In general scientists need to find a better balance between acknowledging uncertainty and emphatically telling the public the scientific consensus. The public often misinterprets scientific caution as equivocation. The public wants our best judgment not the range of uncertainty.
"The public wants our best judgment not the range of uncertainty."
Various online forums, conference calls, and zoom conferences have enabled very rapid exchange of clinical and epidemiological information. This can happen much more rapidly than even preprint manuscripts and has been immensely helpful.
The rapid rate of change of preliminary information about the virus and the disease is very challenging and hard to keep up with. Many of the unsolved questions just require a lot of time to sort out, careful research takes time but pandemic keeps moving at a fast pace so there is great pressure to work as fast as possible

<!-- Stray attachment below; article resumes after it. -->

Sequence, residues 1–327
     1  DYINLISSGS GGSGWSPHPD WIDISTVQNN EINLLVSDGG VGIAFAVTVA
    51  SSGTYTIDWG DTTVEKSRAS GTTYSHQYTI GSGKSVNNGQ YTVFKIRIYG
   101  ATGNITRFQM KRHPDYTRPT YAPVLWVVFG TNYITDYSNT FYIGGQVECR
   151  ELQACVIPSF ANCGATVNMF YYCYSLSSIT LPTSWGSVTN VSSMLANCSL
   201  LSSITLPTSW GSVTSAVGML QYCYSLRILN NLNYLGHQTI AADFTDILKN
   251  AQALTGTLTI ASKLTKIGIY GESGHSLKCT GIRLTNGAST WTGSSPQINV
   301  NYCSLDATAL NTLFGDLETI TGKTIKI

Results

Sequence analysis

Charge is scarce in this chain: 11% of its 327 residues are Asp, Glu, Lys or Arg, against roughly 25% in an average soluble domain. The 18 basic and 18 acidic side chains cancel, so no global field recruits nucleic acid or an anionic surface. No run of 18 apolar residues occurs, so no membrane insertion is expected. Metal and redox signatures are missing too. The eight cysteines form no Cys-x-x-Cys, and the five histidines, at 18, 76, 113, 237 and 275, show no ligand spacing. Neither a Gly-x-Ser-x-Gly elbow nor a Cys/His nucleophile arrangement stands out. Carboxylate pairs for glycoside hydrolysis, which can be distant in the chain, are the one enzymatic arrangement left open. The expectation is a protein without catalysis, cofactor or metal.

Yes, I hope so. I expect this pandemic to have lasting impacts on society. In the same way that the Great Depression and World War II defined a generation, I think young people today will be greatly influenced by this pandemic for the rest of their lives. Public policy will need to adapt to these changes in attitude, political outlook, and behaviour that result from the pandemic.
"In the same way that the Great Depression and World War II defined a generation, I think young people today will be greatly influenced by this pandemic for the rest of their lives."
Scientific publishing is an inherently slow process, but we are faced with a fast-moving virus that does not care if reviewers are busy. Publishers need to continue to fast track important research findings and continue to innovate in enabling rapid peer review.
We will have learned a great deal about infection control in healthcare settings, how infectious diseases propagate, and how public health interventions can flatten the epidemiological curve. Our challenge going forward will be to find ways to incorporate these learnings into practice.